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She was and still is one of the most influential and challenging artists. According to Potts (17), Louise’s artwork especially sculptures are visible, which allows audiences to get the picture and the themes of the art. Louise can be differentiated from her fellow artists through her unique incorporation of art materials, which yields to an outstanding artwork.
An example of the Louise Bourgeois’s work
Figure 2: a spider sculpture
(Centre Pompidou 4)
The spider sculpture symbolizes Louise Bourgeois’s mother who was her best friend, and was protective like the spiders; she was also a weaver just like the spiders. Therefore, Louise’s artwork is influenced by emotions, which makes her art unique (catton 16). This image is made of steel, wood, fabric, silver, gold, bone, and tapestry, and as a result, her artwork was not limited to one component.
It signifies maternal protection. The huge legs are for a child’s support, whereby, he can cling to the legs and feel secure. According to Bal (184), Louise’s work consists of narratives, especially in the spider sculpture, offering a view of how dreams can be constructed uniquely.
However, her work has faced numerous critics, among them being the fact that the spider sculpture lacks a narrative that fulfills its story (Bal 191). Nevertheless, other critics view Louise more of a surrealist compared to an artist; this is as a result of her subversive art. The spider web is both a home and a weapon as well, symbolizing trappings of domesticity.
In addition, her works symbolize both post modernist and modernist eras. Needless to say, other critics arise from the fact that a spider is viewed as a threatening symbol; however, audiences of this sculpture art find it humorous, mysterious, and comforting.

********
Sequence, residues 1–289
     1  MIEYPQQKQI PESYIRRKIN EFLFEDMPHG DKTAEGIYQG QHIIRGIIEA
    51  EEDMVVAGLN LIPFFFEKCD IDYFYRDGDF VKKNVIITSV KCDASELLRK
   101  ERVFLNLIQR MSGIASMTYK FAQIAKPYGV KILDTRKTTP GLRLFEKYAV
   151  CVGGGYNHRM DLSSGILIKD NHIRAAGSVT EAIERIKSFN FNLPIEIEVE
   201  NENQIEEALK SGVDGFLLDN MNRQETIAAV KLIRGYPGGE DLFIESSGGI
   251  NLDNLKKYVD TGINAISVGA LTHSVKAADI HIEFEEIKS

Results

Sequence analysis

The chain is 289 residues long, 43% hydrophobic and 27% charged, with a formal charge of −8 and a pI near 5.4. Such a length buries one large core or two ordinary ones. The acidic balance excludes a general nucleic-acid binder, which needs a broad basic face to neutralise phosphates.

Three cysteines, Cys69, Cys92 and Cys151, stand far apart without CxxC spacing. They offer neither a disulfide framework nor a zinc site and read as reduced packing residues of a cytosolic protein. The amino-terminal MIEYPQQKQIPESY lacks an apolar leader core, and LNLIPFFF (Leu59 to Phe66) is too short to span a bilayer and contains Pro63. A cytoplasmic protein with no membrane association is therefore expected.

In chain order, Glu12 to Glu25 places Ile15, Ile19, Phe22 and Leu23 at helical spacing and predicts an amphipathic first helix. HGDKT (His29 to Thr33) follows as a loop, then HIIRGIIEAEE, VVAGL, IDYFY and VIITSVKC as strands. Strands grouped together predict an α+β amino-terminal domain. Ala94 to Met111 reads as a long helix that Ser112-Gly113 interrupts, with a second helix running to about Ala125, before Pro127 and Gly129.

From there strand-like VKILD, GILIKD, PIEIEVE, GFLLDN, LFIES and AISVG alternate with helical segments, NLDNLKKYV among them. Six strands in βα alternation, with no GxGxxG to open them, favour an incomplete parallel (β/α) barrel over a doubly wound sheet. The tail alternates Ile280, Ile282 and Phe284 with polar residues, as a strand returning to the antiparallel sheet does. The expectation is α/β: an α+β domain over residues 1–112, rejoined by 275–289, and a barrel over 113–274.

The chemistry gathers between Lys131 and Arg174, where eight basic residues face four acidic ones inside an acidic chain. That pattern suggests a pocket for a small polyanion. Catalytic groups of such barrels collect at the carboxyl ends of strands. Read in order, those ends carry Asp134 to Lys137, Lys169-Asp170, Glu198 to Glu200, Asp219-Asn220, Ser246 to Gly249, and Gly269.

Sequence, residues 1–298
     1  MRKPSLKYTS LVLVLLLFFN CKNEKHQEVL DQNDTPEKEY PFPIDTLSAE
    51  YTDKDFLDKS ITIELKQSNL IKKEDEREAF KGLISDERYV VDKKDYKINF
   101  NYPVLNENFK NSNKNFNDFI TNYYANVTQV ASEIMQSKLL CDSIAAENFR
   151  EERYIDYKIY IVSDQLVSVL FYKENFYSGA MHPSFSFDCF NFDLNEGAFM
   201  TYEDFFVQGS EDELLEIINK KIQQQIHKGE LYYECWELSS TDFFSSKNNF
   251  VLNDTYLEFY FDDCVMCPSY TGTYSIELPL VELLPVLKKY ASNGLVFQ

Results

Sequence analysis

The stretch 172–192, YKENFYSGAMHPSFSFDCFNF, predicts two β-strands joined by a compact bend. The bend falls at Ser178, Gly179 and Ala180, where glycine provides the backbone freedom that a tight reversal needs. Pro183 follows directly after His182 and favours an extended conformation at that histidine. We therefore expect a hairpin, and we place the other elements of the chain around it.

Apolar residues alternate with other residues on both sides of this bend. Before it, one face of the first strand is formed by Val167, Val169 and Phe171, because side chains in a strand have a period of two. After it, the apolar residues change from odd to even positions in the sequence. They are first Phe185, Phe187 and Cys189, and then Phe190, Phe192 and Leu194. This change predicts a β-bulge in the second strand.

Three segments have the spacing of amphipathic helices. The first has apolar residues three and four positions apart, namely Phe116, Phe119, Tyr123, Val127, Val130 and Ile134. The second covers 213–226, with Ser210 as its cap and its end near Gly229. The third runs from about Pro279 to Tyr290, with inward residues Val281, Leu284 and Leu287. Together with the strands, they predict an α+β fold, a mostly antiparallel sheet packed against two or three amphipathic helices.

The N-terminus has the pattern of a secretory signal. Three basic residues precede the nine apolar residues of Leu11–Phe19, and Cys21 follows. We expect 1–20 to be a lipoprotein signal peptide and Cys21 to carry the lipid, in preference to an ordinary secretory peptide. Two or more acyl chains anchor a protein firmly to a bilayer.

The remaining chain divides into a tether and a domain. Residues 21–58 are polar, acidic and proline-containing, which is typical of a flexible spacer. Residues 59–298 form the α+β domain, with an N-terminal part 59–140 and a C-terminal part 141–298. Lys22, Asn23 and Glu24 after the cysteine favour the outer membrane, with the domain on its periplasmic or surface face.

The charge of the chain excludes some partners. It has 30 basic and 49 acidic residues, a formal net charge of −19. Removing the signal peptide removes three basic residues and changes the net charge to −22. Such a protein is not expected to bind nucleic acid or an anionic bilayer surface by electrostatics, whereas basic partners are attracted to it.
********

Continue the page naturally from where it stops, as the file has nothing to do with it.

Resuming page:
Another criticism is the artist’s symbolization of her mother as a spider, which is big and dangerous, as opposed to a mother who is humble and caring. This argument challenges the context of the sculpture. The childhood experiences and emotions are present in her artwork. Her experience with a calm, collective, and affectionate mother who was considered as an invalid, and her domineering father who was unfaithful are evident in her art.
Catton (15) insists that Louise’s creativity is evident in the way she sews together her memories, emotions, and experiences to an art. In addition, Louise’s art signifies creativity and self-sustaining, and the artist did not imitate anyone – she outlaid vision and the importance of art, however simple or complicated it may be. According to Potts (37), Louise always insisted that art is not related to the artist; however, art should always be independent.
Louise Bourgeois is a legend in the field of art; despite her death, her works continue to inspire and motivate fellow artists. Throughout her career, she has been one of the most successful women in the industry. Despite numerous critics concerning her artwork, she is praised for her maximization of art materials, as she is not limited to a specific material, with her artwork comprising of wood, steel, and fabric among other components.
Another admirable factor is the emotions expressed in her artwork; she is among the few artists who put her emotions into her work. Her spider sculpture symbolizes her mother, who is seen as caring and protective, while the destruction of a father sculpture signifies a tearing family. All her art ideas are drawn from experiences and emotions, and most of them aim at promoting equality and discouraging masculine stereotype.
In addition, Louise’s artwork is unique in that, she is diverse and can create art through painting, drawing or making sculptures, an aspect that is rare. This is because most artists concentrate on one field; for instance, Willem Freud concentrated on painting alone. Louise Bourgeois’ artwork attempts to capture the audiences’ thoughts by creating quality in her works. In spite of her death and critics surrounding her work, she remains a legend.
Bal, Mieke. “Autotopography: Louise bourgeois as builder.” Biography: An Interdisciplinary Quarterly 25.1 (2002): 180. Web.
Catton, Pia. “Louise Bourgeois Dies at 98.” New York Cultures, 20.1 (2010): 15-16. Web.
Centre Pompidou. Louise Bourgeois: A landmark exhibition. 2008. Web.
Hess, Barbara and W. Kooning. Willem de Kooning, 1904-1997: content as a glimpse. NY: Taschen Publisher, 2004. Web.
“Louise Bourgeois.” Newsmakers. Detroit: Gale, 1994.
Nixon, Mignon. Fantastic Reality: Louise Bourgeois and a Story of Modern Art. NY: Taschen Publisher, 2010. Web.
Potts, Alex. “Louise Bourgeois – Sculptural confrontations.” Oxford art journal, 22.2 (1999): 37-53. Web.
Stuart, Paul. Sculptor Louise Bourgeois: A year of events celebrating her life and work. 2009. Web.